SEAN Hickin’s letter about his two-hour journeys from Addenbrooke’s to Huntingdon (The Hunts Post, December 21) represents the beginning of the public’s realisation that the guided busway does not improve journey times or reliability for the vast majority of typical journeys.
The explanation is simple and two-fold: Two-thirds of the timetabled journey is on ordinary roads, mixed in with the traffic just the same as before the guideway was built.
On a minimum timing of 84 minutes, 27 minutes are guided, 47 minutes are unguided and 10 minutes are needed to change services (there are no through journeys from Addenbrooke’s to Huntingdon).
To access the guideway at the Science Park, the bus has to travel for three miles north-east along the congested Milton Road, during which time it is not getting any closer to Huntingdon.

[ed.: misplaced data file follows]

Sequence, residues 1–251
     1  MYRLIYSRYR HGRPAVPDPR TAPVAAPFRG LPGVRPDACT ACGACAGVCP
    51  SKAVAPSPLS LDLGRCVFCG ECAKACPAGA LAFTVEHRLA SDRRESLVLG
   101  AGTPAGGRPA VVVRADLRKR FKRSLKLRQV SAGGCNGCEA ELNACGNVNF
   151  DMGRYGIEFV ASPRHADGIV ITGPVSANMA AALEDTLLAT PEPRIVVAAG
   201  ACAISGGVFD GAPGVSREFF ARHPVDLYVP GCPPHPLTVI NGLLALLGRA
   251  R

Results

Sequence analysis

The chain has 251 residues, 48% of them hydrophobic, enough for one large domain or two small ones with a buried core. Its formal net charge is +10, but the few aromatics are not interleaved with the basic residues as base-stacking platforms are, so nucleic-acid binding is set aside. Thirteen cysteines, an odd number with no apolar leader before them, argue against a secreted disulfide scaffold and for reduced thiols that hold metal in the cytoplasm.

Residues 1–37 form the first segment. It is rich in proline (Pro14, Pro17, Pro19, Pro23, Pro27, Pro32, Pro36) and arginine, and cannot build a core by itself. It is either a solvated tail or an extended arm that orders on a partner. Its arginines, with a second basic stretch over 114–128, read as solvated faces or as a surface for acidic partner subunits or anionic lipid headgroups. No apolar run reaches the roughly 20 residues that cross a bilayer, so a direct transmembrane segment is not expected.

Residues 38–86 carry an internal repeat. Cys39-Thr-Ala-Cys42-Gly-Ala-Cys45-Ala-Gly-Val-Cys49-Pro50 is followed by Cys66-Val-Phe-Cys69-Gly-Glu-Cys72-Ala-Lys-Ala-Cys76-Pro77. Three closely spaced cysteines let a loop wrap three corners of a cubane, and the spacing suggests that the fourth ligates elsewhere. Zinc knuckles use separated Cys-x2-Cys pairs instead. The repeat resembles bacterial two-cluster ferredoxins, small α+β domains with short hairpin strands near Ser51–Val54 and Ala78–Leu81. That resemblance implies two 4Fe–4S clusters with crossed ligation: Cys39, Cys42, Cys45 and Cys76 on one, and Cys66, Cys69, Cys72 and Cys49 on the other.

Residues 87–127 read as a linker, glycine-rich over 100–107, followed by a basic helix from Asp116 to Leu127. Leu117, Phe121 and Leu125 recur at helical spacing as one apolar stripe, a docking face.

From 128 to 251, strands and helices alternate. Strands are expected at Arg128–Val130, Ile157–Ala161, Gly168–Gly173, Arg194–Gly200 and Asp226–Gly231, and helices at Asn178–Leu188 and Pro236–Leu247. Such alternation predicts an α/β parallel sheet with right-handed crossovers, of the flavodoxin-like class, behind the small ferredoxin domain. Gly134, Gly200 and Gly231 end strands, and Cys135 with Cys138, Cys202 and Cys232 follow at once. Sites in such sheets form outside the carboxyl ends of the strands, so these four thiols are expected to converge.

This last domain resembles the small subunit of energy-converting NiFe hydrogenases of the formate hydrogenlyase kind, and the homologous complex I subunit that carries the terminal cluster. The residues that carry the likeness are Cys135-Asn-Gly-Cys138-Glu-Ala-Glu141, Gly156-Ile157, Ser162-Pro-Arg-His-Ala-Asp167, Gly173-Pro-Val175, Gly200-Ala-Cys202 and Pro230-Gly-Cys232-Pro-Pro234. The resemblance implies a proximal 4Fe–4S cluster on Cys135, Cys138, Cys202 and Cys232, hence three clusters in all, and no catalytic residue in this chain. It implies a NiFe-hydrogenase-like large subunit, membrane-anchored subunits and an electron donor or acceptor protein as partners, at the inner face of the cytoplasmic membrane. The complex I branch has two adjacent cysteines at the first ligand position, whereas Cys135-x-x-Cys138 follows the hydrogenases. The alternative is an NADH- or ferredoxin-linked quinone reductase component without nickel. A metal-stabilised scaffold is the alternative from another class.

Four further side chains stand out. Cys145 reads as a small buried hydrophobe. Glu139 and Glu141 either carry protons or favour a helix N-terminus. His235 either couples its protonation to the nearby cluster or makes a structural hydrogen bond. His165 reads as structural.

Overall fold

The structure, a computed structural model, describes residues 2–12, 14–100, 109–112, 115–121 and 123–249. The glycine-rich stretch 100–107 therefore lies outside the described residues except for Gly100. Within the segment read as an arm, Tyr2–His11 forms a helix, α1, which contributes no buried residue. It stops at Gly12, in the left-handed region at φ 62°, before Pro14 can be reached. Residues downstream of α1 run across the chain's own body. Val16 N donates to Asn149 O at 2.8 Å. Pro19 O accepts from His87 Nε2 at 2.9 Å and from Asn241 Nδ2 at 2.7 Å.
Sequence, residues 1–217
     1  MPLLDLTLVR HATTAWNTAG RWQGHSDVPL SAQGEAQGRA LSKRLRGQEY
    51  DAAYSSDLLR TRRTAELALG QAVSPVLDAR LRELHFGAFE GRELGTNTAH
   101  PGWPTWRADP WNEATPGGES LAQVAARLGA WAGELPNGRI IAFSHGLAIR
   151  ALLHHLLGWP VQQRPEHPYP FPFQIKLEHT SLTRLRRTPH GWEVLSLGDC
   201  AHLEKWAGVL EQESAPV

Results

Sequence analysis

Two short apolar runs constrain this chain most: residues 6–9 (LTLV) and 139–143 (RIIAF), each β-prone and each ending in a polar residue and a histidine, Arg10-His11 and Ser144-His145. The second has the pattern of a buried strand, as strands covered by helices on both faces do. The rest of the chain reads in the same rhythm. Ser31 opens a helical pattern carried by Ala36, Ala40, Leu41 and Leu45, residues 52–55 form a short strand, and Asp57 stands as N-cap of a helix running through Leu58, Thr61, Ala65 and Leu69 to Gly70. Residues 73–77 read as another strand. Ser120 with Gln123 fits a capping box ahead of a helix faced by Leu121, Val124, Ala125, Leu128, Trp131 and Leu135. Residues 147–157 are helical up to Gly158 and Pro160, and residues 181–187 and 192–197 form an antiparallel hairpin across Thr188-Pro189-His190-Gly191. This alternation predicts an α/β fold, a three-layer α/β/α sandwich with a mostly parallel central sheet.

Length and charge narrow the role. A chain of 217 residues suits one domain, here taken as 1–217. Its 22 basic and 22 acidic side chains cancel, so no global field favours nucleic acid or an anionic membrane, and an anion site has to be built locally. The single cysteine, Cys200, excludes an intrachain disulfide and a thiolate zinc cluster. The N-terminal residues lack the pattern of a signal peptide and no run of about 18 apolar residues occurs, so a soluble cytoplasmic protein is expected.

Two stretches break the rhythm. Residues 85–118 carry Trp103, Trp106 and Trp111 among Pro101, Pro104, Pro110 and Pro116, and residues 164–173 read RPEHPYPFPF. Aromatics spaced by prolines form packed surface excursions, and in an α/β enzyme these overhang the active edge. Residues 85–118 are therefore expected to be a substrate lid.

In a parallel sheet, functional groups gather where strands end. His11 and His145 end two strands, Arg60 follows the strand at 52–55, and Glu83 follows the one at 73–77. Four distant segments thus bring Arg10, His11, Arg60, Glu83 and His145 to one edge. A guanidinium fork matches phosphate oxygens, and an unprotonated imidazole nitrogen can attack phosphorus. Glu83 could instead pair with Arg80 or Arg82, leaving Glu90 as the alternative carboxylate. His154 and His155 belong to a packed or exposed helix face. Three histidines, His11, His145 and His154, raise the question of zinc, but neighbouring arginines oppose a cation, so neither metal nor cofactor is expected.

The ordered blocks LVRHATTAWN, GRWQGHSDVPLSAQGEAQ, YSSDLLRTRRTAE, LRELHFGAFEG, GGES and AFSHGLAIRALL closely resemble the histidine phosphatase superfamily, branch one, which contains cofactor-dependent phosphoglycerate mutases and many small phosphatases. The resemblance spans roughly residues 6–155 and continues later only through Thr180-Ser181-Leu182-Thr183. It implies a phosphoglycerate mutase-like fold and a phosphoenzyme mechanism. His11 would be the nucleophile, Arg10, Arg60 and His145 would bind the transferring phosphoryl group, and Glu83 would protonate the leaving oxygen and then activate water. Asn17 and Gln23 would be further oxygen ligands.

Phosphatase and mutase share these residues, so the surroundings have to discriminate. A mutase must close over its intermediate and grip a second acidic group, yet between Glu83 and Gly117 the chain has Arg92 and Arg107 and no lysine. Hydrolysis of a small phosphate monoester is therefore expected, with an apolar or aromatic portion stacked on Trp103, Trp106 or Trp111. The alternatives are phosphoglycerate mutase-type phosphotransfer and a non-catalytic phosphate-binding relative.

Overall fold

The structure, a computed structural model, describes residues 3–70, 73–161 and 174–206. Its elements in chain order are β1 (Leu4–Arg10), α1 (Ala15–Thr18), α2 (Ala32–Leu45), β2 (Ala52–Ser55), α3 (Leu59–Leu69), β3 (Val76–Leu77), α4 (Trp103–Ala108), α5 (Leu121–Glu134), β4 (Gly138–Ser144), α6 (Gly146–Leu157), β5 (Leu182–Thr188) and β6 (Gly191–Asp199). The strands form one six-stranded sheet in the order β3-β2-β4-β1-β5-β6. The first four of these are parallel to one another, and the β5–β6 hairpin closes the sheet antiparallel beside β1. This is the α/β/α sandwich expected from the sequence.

The remaining Whippet services have reached Girton in the same time, which is considerably closer to St Ives. This is why they can afford to visit Bar Hill and Fenstanton and still be quicker than guideway services.
Nothing can be done to mitigate these factors, which demonstrates the sheer folly of spending £200million on the concrete gutterway. Far greater journey time savings could have been achieved for conventional bus services at a fraction of the cost.
The busway was built on a railway route, and it should have stayed part of the local, regional, national and international rail network.